Ask most Android enthusiasts for their thoughts on the eternal "iPhone vs. Android" debate, and you're bound to hear some comically common conclusions:
- Android is more advanced and ambitious, both in its software and especially in its hardware (hello, folding phones!).
- Android is more customizable and conducive to productivity, thanks to all the ways it lets you take total control of your virtual environment and make it work the way you want.
- The iPhone is bland, old-fashioned, and boring in comparison.
Apple's iOS platform certainly has its advantages, but it's tough to deny that Android is the more modern, powerful, and adventurous option (a juxtaposition expressed admirably in this recent video analysis by the ever-balanced Marques Brownlee).
And yet, talk to most typical, non-tech-inclined phone buyers — particularly here in America — and you're bound to hear a very different interpretation.
It's shaping up to be a pressing problem. And it's something that's increasingly critical for Google to address.
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The Android-Apple shift
You've seen the stats by now, right? For a while, the tides have been turning in the US and Apple's been gaining more and more of the American mobile market.
According to the number-crunching crew at Counterpoint Research, Apple currently commands just over half of all US smartphone sales, with 52% of Q2 2023 device purchases compared to Android's 48%. To be clear, this is absolutely an American phenomenon: Globally, Android represents a whopping 81% of all phone sales for that same period, according to that same set of data. But here in the States, the trends are indisputable.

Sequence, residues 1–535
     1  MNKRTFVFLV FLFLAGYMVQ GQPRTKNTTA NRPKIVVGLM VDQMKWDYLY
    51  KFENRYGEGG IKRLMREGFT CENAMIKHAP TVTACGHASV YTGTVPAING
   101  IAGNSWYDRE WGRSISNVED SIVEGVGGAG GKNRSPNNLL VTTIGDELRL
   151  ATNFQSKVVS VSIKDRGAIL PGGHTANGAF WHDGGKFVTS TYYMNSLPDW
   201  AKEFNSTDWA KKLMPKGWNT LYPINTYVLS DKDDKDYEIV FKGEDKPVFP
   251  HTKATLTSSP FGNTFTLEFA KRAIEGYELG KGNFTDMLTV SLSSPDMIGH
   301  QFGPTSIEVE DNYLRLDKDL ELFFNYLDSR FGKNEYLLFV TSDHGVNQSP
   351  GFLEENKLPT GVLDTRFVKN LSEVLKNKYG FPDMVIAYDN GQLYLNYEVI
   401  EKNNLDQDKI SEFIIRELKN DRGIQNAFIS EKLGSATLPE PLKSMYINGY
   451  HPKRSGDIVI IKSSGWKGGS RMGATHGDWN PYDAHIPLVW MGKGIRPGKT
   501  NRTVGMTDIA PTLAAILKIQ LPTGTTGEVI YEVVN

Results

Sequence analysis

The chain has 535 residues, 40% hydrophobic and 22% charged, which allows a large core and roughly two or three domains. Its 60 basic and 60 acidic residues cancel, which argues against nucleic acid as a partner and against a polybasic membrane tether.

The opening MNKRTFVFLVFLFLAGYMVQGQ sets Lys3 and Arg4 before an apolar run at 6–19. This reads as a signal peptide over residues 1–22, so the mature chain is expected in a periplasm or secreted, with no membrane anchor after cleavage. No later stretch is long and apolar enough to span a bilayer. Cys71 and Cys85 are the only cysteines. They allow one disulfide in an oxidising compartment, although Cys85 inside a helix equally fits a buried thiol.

And among The Youths™, the pattern appears to be even more extreme: An annual survey from an investment bank called Piper Sandler (which, as far as I can tell, has no relation to Adam) says a staggering 87% of teens now own an iPhone, with 88% anticipating an iOS device to be their next mobile gizmo. Granted, the survey includes only 5,690 people, so it isn't exactly comprehensive. But it's frequently cited as a representative sampling of current trends.
And what's even more troubling than any sheer number is the attitude that appears to be driving the data. A recent report from The Wall Street Journal says it all:
Deb Harrison lives in a house divided. The mom of teenagers, based in Hudson Valley, N.Y., says her children agree on a lot, but they cannot seem to get on the same page about their cellphones. Her youngest, Kira, 15 years old, has an Apple iPhone 11, because that’s what all her friends have. She didn’t want to be “the odd one out,” said Harrison. ...
Where does this operating-system snobbery come from? Melissa Jones, a former teacher in Lebanon, Ind., observes that, among students, it’s considered most important to own a new, up-to-date phone. And judging by the copious TikTok content that pits users of the two operating systems against each other — with Android most frequently the butt of the joke — many teens associate Androids with older technology, and older people, no matter how new the phone actually is.
Yeesh. And hold the phone — it only gets worse from there:
“You’re telling me in 2023, you still have a ’Droid?” says 20-year-old online creator Abdoul Chamberlain during a video posted in April. “You gotta be at least 50 years old.” The video goes on to say that only parents have Androids, and despite the persistent claims from Android users that features like the cameras or battery life are better on the Android than the iPhone, Chamberlain refuses to get one.